Understanding File Permissions on Linux Server

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Understanding File Permissions on Linux Server

Linux is a clone of UNIX, the multi-user operating system which can be accessed by many users simultaneously. Linux can also be used in mainframes and servers without any modifications. But this raises security concerns as an unsolicited or malign user can corrupt, change or remove crucial data. For effective security, Linux divides authorization into 2 levels.

  1. Ownership
  2. Permission

 

There are three user categories: 

  • User (the owner of the file)
  • Group (the security group you are in), and
  • Other (for the world to see).

Each category has three permissions that can be set: rw, and x to read, write, and execute a file, respectively.

 

Permissions defied with three numbers:

  • 4 for Read
  • 1 for Execute
  • 2 for Write

 

By adding these numbers together, you form the permissions that make up one digit. This table can be used as a quick reference:

Permission Type User Group Other
Read = 4 x x x
Write = 2 x    
Execute = 1 x x x
Totals 4 + 2 + 1 = 7 4 + 1 = 5 4 + 4 = 5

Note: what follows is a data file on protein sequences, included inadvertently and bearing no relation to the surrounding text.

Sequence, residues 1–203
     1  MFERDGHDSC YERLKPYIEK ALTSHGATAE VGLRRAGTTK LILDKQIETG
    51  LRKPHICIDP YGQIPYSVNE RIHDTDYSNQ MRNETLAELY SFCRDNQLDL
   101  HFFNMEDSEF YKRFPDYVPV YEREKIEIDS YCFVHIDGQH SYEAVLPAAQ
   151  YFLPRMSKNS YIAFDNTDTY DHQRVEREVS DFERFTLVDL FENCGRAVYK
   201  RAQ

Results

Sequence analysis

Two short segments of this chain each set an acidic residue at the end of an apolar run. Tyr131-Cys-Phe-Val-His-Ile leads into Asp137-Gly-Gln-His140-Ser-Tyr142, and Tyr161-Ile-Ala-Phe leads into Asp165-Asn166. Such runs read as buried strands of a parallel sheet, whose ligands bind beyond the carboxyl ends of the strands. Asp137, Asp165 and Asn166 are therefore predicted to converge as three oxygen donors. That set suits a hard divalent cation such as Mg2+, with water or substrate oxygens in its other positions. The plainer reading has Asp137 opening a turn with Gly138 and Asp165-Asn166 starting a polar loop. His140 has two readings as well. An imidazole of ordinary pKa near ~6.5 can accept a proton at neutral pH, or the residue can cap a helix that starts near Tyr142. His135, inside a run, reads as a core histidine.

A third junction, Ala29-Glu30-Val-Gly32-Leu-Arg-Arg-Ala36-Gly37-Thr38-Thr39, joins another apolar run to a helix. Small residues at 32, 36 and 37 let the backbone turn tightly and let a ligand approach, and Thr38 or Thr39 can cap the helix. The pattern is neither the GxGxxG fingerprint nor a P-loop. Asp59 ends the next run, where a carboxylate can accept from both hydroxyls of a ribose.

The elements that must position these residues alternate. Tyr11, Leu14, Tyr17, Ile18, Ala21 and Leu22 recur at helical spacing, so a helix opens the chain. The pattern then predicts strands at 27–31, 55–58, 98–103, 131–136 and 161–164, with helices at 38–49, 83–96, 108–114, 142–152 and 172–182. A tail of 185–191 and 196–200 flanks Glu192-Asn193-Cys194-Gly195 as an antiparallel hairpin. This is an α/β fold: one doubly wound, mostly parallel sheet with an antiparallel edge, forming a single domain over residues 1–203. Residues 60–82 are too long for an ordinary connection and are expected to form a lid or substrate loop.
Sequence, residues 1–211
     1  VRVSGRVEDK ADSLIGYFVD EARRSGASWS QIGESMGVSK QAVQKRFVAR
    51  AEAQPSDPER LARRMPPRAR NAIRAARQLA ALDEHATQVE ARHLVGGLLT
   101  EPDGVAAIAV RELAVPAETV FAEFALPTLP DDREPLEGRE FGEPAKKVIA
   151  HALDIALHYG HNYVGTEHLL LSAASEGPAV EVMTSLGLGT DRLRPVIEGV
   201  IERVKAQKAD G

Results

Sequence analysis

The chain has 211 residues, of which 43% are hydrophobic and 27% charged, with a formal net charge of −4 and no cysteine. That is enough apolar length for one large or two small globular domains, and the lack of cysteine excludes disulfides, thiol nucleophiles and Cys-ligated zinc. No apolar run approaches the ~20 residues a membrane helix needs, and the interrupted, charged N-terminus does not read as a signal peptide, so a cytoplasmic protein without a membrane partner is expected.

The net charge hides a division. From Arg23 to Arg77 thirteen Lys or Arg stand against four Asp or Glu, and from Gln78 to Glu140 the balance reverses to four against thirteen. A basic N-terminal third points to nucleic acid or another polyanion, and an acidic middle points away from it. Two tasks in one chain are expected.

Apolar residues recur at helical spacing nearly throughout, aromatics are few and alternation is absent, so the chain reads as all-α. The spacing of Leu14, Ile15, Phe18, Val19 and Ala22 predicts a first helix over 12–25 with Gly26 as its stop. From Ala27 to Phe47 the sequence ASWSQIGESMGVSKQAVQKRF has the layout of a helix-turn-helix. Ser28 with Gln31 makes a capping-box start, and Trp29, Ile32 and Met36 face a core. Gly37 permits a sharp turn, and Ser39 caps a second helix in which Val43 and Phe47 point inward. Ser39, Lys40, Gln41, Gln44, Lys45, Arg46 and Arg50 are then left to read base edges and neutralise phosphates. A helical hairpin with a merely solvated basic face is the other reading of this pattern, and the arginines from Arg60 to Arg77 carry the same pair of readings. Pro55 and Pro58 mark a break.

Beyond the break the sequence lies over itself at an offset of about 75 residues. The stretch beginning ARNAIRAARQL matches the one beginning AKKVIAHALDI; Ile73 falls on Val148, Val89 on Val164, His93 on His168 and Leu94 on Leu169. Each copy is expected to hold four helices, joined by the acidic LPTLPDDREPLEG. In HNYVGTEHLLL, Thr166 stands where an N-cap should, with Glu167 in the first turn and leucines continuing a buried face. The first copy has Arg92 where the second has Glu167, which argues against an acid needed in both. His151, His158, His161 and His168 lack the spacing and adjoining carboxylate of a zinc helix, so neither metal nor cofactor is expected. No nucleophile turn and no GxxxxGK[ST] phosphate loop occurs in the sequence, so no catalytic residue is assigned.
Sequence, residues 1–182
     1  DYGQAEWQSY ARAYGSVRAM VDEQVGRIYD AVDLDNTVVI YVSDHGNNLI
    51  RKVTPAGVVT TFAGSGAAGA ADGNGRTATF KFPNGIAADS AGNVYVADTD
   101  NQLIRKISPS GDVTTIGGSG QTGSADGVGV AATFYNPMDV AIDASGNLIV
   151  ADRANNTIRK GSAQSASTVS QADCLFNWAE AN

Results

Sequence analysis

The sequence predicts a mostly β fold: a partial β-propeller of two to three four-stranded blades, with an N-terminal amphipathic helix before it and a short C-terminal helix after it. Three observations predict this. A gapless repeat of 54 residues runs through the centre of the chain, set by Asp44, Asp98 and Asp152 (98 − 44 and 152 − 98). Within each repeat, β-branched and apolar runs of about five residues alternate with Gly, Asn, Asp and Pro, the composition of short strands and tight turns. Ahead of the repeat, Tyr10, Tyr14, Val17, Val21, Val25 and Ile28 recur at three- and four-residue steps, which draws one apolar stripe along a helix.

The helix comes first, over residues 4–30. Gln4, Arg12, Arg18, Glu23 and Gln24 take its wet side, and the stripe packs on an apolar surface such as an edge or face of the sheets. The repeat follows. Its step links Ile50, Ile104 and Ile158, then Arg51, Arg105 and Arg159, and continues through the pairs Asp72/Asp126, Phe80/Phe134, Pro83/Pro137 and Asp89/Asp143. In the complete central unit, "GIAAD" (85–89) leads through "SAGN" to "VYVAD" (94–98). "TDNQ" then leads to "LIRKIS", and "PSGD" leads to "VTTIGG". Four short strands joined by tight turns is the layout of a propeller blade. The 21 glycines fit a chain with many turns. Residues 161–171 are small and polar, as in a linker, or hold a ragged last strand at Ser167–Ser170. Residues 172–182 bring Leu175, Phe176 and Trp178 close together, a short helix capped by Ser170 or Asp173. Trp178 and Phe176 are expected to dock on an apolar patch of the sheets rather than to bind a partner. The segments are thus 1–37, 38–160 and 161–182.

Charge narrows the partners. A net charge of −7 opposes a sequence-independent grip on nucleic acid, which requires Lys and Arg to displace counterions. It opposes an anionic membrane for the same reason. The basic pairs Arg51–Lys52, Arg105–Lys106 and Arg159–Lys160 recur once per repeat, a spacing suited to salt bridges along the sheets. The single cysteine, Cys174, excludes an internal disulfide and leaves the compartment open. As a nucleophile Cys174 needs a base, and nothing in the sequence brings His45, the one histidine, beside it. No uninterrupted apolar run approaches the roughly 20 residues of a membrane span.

For example:

4 + 2 + 1 = 7, which grants read, write, and execute permissions;
4 + 1 = 5, which grants only read and execute permissions.

Thus, 755 grants

7 (read, write, execute) to the owner of the file
5 (read and execute) to the group the file
5 (read and execute) to the world.

 

Each digit corresponds to a set of permissions (read, write, or execute) and the position of the digit corresponds to the user category (left = owner, middle = group, right = other). The single-digit numbers are defined for all three user categories as the following:

Number Symbol Permission Type
0 - - - no access
1 - - x execute only  
2 - w - write access only
3 - w x write and execute
4 r - - read only
5 r - x read and execute
6 r w - read and write
7 r w x read, write and execute (full access)

 

Some file permission examples:

777 - all can read/write/execute (full access).
755 - owner can read/write/execute, group/others can read/execute.
644 - owner can read/write, group/others can read only.

 

Some directory permission examples:

777 - all can read/write/search.
755 - owner can read/write/search, others and group can only search. 

 

Common permissions settings:

777 - directories with proper permissions on files in directory, use this one very carefully
755 - web store folder, CGI scripts
751 - log folder
701 - webalizer and modlogan folders
666 - data files
644 - configuration files (files not updated by scripts, html, gif,etc...)

 

You can change file permissions with most used FTP client software such as FileZilla, Cyberduck (now avail both Win/Mac) and other.

 


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